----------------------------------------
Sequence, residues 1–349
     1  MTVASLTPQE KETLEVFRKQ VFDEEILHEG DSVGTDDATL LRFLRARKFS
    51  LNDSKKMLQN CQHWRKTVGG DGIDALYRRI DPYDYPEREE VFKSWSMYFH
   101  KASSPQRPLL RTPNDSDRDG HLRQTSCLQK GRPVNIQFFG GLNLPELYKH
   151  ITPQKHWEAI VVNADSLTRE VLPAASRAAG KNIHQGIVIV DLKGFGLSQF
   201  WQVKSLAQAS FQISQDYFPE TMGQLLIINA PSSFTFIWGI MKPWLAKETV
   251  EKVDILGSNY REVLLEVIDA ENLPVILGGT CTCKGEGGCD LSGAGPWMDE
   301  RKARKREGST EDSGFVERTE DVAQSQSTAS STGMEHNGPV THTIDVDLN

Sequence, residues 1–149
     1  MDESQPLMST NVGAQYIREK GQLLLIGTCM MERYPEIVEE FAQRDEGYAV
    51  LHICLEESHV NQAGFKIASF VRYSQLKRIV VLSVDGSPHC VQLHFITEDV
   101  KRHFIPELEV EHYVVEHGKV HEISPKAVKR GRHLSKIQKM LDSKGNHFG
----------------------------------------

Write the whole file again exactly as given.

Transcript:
Sequence, residues 1–349
     1  MTVASLTPQE KETLEVFRKQ VFDEEILHEG DSVGTDDATL LRFLRARKFS
    51  LNDSKKMLQN CQHWRKTVGG DGIDALYRRI DPYDYPEREE VFKSWSMYFH
   101  KASSPQRPLL RTPNDSDRDG HLRQTSCLQK GRPVNIQFFG GLNLPELYKH
   151  ITPQKHWEAI VVNADSLTRE VLPAASRAAG KNIHQGIVIV DLKGFGLSQF
   201  WQVKSLAQAS FQISQDYFPE TMGQLLIINA PSSFTFIWGI MKPWLAKETV
   251  EKVDILGSNY REVLLEVIDA ENLPVILGGT CTCKGEGGCD LSGAGPWMDE
   301  RKARKREGST EDSGFVERTE DVAQSQSTAS STGMEHNGPV THTIDVDLN

Sequence, residues 1–149
     1  MDESQPLMST NVGAQYIREK GQLLLIGTCM MERYPEIVEE FAQRDEGYAV
    51  LHICLEESHV NQAGFKIASF VRYSQLKRIV VLSVDGSPHC VQLHFITEDV
   101  KRHFIPELEV EHYVVEHGKV HEISPKAVKR GRHLSKIQKM LDSKGNHFG